Matthew Williamson turns focus to Online

London fashion week designer Matthew Williamson is preparing to shut down his store in London, as the label turns its focus to e-commerce and license-based operations. The decision follows on from the business shuttering its store in New York and terminating its MW diffusion line, following its partner company going into insolvency.

"As we celebrate our eighteenth year in the business, it's really exciting to be able to rethink our company and set new ideas in place," said Williamson and co-company founder Joseph Velosa in a joined statement. "Over the years the industry and consumers have changed and we're keen to address and respond to that. The aim is to refresh what's there and create a lifestyle brand that we're both truly proud of both creatively and commercially."

Matthew Williamsons' current store on Bruton Street is set to close its doors during the summer period, but the label is set to relocate to another location within London. The new unit will serve as a showroom for the brand as well as by-appointment only store for online customers. The label will be launching a new website early next year, which will sell the British fashion designer's collections exclusively, offer free international shipping and same day delivery in London. The label's store in Qatar currently remains open.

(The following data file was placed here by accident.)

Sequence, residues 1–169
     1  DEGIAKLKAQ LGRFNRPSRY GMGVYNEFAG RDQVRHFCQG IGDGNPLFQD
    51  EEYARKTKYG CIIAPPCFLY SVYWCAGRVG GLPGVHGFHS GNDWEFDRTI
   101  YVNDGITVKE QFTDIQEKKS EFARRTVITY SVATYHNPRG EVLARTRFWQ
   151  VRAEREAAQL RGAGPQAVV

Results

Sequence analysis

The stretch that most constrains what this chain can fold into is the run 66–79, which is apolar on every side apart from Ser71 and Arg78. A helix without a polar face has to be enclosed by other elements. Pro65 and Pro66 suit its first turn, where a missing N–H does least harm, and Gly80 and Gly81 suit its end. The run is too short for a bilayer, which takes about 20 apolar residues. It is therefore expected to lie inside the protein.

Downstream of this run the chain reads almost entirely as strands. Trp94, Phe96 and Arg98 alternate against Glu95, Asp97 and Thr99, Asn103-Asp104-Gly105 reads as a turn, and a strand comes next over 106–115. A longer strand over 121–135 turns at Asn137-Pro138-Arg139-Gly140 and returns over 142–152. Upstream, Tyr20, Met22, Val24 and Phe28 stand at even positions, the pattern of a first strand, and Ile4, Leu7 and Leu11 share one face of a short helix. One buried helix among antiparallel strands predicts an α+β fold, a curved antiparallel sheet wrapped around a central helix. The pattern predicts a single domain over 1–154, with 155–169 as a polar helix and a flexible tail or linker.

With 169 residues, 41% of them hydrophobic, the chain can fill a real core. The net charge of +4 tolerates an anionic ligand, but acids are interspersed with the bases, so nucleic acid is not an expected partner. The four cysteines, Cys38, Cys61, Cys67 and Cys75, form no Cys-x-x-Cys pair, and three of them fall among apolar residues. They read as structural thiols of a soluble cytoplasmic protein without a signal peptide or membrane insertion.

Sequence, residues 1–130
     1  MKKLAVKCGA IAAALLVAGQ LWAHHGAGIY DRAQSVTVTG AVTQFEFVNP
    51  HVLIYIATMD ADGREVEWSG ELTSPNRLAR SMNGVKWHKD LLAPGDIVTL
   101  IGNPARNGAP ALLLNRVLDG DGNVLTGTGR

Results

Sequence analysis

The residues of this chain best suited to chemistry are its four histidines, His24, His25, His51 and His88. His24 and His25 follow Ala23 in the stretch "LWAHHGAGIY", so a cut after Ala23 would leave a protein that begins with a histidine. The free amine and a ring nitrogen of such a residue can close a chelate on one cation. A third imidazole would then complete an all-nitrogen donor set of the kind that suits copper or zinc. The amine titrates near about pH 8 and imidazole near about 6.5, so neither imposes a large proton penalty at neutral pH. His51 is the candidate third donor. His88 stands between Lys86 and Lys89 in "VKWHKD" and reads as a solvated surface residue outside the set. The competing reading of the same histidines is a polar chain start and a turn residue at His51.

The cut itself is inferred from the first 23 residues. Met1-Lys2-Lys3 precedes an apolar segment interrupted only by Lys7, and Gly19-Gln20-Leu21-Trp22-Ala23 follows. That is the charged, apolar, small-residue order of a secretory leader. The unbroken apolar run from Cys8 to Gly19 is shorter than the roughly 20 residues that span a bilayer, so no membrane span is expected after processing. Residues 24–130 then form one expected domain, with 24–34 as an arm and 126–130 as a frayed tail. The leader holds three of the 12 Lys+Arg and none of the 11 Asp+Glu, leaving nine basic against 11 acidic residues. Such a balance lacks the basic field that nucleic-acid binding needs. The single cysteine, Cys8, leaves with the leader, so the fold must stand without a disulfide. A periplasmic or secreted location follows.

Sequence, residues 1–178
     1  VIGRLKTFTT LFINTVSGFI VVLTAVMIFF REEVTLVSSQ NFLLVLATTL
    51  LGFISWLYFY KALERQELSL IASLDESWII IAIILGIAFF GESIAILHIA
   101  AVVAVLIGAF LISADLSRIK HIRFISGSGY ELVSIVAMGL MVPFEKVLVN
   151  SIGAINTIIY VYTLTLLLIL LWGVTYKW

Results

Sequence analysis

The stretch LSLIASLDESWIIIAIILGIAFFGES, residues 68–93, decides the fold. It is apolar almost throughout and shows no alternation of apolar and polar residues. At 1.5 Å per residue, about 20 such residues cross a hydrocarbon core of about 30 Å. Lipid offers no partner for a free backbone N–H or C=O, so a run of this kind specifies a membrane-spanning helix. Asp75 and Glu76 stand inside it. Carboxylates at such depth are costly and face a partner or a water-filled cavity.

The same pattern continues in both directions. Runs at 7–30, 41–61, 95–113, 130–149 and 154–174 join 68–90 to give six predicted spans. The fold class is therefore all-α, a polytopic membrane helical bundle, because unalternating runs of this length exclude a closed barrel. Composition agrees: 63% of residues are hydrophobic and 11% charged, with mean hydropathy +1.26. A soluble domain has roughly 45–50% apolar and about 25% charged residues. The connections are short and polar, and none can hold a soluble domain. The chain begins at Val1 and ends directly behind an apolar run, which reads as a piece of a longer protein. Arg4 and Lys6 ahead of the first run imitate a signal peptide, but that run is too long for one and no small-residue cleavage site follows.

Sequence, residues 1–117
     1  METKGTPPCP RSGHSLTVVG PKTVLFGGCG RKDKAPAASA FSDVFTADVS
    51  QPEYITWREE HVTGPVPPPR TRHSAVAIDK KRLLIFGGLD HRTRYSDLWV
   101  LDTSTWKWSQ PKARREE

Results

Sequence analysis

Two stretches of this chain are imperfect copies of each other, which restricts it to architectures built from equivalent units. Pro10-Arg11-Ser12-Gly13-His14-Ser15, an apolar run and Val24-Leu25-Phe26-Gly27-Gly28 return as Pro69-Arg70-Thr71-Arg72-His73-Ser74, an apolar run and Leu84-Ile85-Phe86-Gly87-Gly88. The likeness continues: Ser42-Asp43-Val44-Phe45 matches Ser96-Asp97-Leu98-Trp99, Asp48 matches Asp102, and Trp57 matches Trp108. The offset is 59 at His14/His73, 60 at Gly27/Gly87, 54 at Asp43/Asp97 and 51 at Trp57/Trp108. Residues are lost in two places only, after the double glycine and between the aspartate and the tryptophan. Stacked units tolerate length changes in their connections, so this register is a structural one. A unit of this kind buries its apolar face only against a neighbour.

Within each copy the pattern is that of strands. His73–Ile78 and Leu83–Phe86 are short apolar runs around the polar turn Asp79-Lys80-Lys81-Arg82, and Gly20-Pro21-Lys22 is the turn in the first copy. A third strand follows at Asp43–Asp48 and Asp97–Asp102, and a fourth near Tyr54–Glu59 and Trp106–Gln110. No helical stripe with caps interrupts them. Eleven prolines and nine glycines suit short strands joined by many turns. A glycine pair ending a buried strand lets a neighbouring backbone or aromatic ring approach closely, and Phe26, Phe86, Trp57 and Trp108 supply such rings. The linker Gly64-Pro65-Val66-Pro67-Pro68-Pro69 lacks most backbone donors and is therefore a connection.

"Our online success can be traced to our focus on delivering products with love and attention - that personal offline relationship that can often be overlooked in e-commerce," explained business director Rosanna Falconer, who was formerly the brand's digital strategist since becoming part of the team in 2013. The brand will continue to work with Debenhams on the Butterfly collection as well as with collaborating Georgie Macintyre.

In order to appeal to the current "buy-now, wear-now mentality" Matthew Williamson will design six fashion collections per year and showcase them directly to consumers at small events. The London-based label will still present bi-annually at London Fashion Week, though "not necessarily through traditional fashion shows."


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